[Congressional Record Volume 140, Number 30 (Thursday, March 17, 1994)]
[Extensions of Remarks]
[Page E]
From the Congressional Record Online through the Government Printing Office [www.gpo.gov]

[Congressional Record: March 17, 1994]
From the Congressional Record Online via GPO Access [wais.access.gpo.gov]



                            HON. TOM LANTOS

                             of california

                    in the house of representatives

                        Thursday, March 17, 1994

  Mr. LANTOS. Mr. Speaker, today I rise to honor a man who used his 
life to labor patiently in building a grassroots infrastructure for 
peace in the Middle East. Ali Yehie Adib, an Israeli Arab, born in the 
year Israel declared its nationhood, feels that there is no conflict in 
his combined identity. He is passionately committed to pluralism and 
the respectful coexistence of neighbors in this long troubled region.
  Ali Yehie Adib was born in 1947 in Kfar Kara, an Israeli Arab 
village, the oldest of eight children of a family of farmers. Upon 
completing high school in Kfar Kara, Mr. Ali Adib developed a deep 
attachment to Jerusalem--its alleyways, its neighborhoods, and its 
people. He enjoyed the colorful international and interfaith spirit of 
the city.
  Mr. Ali Adib returned to his village as a teacher of history and 
citizenship at his former high school. In addition to his teaching 
responsibilities, he dedicated himself to promoting opportunities for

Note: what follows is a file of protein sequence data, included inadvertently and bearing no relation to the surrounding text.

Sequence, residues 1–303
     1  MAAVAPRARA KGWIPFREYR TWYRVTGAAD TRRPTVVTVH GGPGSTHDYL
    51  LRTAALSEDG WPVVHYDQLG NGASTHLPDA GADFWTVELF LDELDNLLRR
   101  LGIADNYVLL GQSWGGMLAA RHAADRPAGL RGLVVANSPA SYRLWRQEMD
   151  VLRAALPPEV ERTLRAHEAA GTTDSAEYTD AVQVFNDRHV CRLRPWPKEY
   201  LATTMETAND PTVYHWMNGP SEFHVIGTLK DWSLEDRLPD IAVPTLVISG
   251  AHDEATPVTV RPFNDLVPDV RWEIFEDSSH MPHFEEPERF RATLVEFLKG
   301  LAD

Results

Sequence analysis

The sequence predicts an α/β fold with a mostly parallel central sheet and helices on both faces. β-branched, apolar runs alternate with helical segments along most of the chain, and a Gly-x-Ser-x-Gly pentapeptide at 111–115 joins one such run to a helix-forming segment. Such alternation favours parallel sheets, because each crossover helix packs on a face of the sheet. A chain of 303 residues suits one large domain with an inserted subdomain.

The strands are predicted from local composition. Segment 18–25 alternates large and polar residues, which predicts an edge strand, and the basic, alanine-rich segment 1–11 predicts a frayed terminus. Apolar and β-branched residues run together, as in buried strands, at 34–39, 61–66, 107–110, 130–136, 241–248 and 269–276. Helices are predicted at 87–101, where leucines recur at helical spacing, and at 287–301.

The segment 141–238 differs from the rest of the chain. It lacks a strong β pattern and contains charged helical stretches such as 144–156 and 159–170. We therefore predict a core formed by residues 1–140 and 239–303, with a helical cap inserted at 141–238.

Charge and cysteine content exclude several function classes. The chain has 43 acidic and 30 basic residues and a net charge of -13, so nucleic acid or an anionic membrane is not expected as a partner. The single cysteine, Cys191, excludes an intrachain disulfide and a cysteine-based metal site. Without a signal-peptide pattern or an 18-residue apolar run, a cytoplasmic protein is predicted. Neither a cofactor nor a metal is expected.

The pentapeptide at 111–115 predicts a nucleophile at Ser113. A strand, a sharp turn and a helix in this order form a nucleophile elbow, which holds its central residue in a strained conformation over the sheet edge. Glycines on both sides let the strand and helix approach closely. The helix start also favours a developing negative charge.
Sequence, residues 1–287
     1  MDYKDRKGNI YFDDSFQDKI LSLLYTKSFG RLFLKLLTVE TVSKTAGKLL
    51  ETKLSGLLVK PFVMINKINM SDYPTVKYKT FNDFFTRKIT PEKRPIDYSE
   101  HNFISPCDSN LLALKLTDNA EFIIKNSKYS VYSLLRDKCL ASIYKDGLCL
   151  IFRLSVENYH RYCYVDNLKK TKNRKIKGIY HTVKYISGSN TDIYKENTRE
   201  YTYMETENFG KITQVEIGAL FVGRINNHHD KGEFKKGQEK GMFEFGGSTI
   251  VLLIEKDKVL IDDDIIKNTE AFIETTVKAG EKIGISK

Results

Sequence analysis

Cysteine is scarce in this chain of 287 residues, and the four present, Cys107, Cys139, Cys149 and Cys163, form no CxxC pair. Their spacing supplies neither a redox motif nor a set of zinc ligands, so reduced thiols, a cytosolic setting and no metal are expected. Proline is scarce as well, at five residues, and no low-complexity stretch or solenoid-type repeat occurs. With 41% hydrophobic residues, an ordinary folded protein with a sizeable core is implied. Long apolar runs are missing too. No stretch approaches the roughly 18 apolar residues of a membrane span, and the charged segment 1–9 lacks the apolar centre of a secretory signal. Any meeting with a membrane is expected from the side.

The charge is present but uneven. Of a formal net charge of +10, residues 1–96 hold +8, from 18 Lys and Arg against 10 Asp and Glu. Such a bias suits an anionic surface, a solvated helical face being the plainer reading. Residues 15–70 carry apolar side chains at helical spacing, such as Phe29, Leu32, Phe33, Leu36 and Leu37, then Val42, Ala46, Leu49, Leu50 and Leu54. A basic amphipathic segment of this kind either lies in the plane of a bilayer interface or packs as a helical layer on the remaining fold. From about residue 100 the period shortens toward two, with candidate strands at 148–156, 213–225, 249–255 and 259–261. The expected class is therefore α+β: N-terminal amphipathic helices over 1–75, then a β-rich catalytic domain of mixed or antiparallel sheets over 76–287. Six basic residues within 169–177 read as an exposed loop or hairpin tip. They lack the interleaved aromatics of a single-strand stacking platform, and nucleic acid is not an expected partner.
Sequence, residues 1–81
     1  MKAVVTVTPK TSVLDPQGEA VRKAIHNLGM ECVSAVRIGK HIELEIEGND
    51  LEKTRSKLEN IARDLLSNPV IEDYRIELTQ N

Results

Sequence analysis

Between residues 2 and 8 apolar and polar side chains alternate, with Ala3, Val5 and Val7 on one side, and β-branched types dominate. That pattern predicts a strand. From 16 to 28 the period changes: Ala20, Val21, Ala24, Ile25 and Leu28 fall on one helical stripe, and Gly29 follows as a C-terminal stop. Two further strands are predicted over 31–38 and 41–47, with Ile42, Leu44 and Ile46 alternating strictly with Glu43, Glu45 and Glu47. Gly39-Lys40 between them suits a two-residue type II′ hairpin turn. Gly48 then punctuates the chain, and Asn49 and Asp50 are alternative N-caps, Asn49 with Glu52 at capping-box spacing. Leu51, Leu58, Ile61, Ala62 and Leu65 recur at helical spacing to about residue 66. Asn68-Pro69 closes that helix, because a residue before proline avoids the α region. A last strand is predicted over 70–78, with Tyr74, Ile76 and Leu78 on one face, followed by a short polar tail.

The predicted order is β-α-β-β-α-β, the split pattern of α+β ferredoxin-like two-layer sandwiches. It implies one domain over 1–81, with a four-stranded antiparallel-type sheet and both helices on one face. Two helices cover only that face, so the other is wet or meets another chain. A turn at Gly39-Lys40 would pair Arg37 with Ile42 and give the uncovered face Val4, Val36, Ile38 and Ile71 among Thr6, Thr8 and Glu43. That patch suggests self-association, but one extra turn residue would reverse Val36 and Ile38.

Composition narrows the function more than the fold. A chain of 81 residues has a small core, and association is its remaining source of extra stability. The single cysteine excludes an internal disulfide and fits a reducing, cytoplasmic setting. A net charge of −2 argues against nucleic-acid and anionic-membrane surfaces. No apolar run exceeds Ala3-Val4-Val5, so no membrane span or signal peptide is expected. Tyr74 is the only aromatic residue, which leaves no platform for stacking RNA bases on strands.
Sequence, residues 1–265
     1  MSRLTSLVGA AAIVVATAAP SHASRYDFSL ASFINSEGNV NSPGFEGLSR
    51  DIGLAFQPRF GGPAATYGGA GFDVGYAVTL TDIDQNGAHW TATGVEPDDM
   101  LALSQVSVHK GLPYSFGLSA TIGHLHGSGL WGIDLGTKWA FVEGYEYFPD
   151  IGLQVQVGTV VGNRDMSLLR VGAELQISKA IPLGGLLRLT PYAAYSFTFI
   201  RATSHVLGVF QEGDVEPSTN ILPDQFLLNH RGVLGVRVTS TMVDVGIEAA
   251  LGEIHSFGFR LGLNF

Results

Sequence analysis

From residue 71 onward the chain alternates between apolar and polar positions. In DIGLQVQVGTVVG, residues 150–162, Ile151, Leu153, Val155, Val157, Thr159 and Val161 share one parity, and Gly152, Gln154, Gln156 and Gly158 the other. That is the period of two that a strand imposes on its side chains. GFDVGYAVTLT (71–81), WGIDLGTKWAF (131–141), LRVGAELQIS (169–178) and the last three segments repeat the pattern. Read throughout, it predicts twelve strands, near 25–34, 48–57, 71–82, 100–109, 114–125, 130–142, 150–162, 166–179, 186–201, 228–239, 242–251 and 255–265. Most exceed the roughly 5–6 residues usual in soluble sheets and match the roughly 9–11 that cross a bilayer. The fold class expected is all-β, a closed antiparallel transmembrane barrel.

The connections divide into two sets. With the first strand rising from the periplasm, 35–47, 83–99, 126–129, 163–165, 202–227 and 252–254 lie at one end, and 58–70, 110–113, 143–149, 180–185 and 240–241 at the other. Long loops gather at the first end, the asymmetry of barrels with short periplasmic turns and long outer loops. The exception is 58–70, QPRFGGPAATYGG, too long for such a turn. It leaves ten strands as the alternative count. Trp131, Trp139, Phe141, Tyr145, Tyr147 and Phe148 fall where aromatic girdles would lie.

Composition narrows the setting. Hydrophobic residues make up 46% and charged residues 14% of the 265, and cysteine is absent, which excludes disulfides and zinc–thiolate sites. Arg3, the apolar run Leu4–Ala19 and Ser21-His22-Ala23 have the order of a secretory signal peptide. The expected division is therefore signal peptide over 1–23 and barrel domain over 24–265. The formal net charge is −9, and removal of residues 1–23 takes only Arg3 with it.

bringing Jewish and Arab children together.
  Immediately after the Six-Day War, the language school Ulpan Akiva 
pioneered a project to teach spoken Arabic as a pathway to dialog. In 
order to maintain his own roots, Ali still devotes at least 2 days a 
week to teaching in his own village.
  Being an Israeli citizen, Mr. Ali Adib feels that there is a total 
harmony in his combined identity as an Israeli Arab. He sees himself as 
a living, natural bridge, linking Arabs to the Jewish community and 
culture and Jews to the pluralism of Israeli society. One of the high 
points in his life was being accorded the honor of being the first Arab 
to light a torch in the annual ceremony which marks the beginning of 
the Independence Day celebrations in Jerusalem. That particular year, 
1984, was designated the ``Year of the Unity of Israel,'' celebrating 
the pluralistic nature of the country and its peoples.
  Ulpan Akiva is considered a microcosm of the world. The goal of Ulpan 
Akiva is to teach the language of the region and use the ability to 
communicate in each other's language as a tool to help break down 
  The students of Mr. Ali Adib's Arab language school, including 
President Herzog, Members of Parliament, professors and many other 
individuals in highly respected positions, have taken their lessons to 
heart and have become part of that new understanding upon which 
agreements such as the dramatic Israeli-Palestinian Peace Accords have 
a chance to be translated into reality.
  In 1993, Ulpan Akiva was nominated for the second consecutive year 
for the Nobel Peace Prize and, also in 1993, Mrs. Shulamith Katznelson, 
the founder and director, and Mr. Ali Yehie were awarded the 
Coexistence Prize by the Jewish Arab Institute of Bet Berl for their 
lifetime commitment to promoting understanding between Jews and Arabs.
  As peace in the Middle East appears closer, the work of Mr. Ali Yehie 
becomes daily more important. The model he provides with his life and 
the lessons he teaches his students provides a framework for the 
future. Ali Yehie is among those unsung heroes who have devoted their 
lives to creating peace, one person at a time.